The ROMYR Report: Ukraine, Political Analysis Quarterly
Spring-Summer 2003, No. 1 (15), Page 17
Romyr & Associates, ROMYR Public Relations
Kyiv, Ukraine; Toronto, Ontario, Canada; New York, New York
This year is the 70th anniversary of the 1932-33 famine-genocide in Ukraine.
Ten years ago, on the 60th anniversary, public commemoration of this
greatest tragedy in the history of the people of Ukraine was limited to
condemnations expressed by President Leonid Krawchuk, a few Members of
Parliament and senior government officials. On the 65th anniversary,
President Kuchma issued a Decree designating the fourth Saturday of November
as a memorial day for honouring the "victims of the holodomor"
(famine-terror) - amended October 31, 2000 to include both "victims of the
holodomor and political repressions of 1932-33." These declarations had
little impact on many Ukrainians. The horrific events of 1932-33 either
remained deeply buried in their subconscious or were simply unknown.
Bill Clinton, President of the United States.
Famine Monument, Kyiv, Ukraine, June 5, 2000
The 70th anniversary of the famine-genocide marks a turning point. Ukraine
has spoken out clearly and officially at the Presidential, Parliamentary and
Cabinet levels. A Presidential Decree dated March 20, 2002 established an
organizing committee, chaired by the Prime Minister, and set out broad
measures for planning and recognizing the anniversary locally, nationally
and internationally. A Presidential Address to the People of Ukraine
followed November 24, 2002. On November 28, 2002 the Verkhovna Rada
passed two Resolutions. The first scheduled a parliamentary hearing for
February 12, 2003 in memory of the victims.
The second, "condemning the policy of genocide by the leaders of the Soviet
totalitarian regime against the citizens of Ukraine.," scheduled a special
memorial meeting of Parliament in May 2003 and recommended to Cabinet a
series of permanent measures for publicly commemorating the tragedy,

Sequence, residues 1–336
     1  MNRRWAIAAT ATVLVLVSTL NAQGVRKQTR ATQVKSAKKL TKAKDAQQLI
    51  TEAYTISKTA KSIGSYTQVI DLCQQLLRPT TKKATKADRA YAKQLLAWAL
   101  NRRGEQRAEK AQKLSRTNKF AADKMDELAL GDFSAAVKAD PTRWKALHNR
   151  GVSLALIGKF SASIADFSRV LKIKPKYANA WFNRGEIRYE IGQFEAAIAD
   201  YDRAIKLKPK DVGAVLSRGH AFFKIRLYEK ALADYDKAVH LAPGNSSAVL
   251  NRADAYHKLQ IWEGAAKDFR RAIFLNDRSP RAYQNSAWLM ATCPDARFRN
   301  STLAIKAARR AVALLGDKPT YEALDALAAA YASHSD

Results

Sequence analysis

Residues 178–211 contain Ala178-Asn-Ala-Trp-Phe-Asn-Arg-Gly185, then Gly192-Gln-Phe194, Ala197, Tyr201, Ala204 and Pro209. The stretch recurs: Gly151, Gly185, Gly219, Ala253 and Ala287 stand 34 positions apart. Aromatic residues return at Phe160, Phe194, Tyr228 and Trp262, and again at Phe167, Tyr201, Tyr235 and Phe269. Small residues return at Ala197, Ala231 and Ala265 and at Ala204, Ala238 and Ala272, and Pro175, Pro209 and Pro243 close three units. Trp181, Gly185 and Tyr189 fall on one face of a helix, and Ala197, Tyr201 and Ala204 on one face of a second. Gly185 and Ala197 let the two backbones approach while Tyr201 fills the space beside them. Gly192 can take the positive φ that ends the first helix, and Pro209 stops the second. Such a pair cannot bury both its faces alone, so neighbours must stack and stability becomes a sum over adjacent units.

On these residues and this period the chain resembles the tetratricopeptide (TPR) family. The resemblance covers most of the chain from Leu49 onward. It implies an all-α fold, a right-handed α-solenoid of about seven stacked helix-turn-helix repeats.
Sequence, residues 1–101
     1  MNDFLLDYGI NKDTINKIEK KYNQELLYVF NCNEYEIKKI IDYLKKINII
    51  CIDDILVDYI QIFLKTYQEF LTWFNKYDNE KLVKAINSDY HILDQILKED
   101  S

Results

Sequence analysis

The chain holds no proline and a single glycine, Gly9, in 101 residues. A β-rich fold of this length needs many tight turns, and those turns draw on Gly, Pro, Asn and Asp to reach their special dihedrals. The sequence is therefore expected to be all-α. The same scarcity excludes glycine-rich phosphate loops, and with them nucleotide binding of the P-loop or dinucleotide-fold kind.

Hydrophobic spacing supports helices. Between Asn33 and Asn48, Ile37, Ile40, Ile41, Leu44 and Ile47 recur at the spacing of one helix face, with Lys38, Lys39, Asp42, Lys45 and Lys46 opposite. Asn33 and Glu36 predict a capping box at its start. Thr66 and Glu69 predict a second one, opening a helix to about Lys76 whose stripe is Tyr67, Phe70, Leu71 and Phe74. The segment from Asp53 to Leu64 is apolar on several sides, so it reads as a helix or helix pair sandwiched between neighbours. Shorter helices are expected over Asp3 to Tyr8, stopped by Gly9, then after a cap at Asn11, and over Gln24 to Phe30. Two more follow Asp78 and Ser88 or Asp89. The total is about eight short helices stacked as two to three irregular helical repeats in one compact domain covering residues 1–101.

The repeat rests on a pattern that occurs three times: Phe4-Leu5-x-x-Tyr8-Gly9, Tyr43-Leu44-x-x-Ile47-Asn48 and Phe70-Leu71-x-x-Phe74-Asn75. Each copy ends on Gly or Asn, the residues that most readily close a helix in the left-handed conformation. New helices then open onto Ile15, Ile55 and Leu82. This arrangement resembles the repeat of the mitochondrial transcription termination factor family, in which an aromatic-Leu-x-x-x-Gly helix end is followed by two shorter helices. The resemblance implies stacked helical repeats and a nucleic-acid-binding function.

including holding a competition to design a memorial. The President issued a
Directive on "Further Measures in Relation to the 70th Anniversary of the
Holodomor" December 6, 2002. On February 12, 2003, the President
requested Cabinet to consider the establishment of a memorial complex, and
the same day, the Verkhovna Rada held its planned parliamentary hearing,
and confirmed its intention to hold a special meeting of parliament to
formally commemorate the event.
Three months later, on May 14, 2003, Verkhovna Rada held an historic Special
Meeting of Parliament commemorating the 70th anniversary of the
famine-genocide. Deputy Prime Minister Tabachnyk and Chairman of the
Parliamentary Committee on Human Rights, National Minorities and
Inter-Nationality Relations Hennady Udovenko delivered compelling speeches.
The Communist faction walked out in protest at the beginning of the meeting,
declaring that they recognise the existence of the famine but do not accept
that it was purposefully organised by the Soviet Union Communist authorities
of the period.
The Special Meeting resulted in a Resolution May 15th in the form of an
Address to the People of Ukraine on Commemorating the Victims of the
1932-33 Holodomor "organized by the totalitarian regime of Stalin." On
June 3, 2003, the Ministry of Culture and the Arts, the City of Kyiv and the
State Committee for Construction and Architecture announced a competition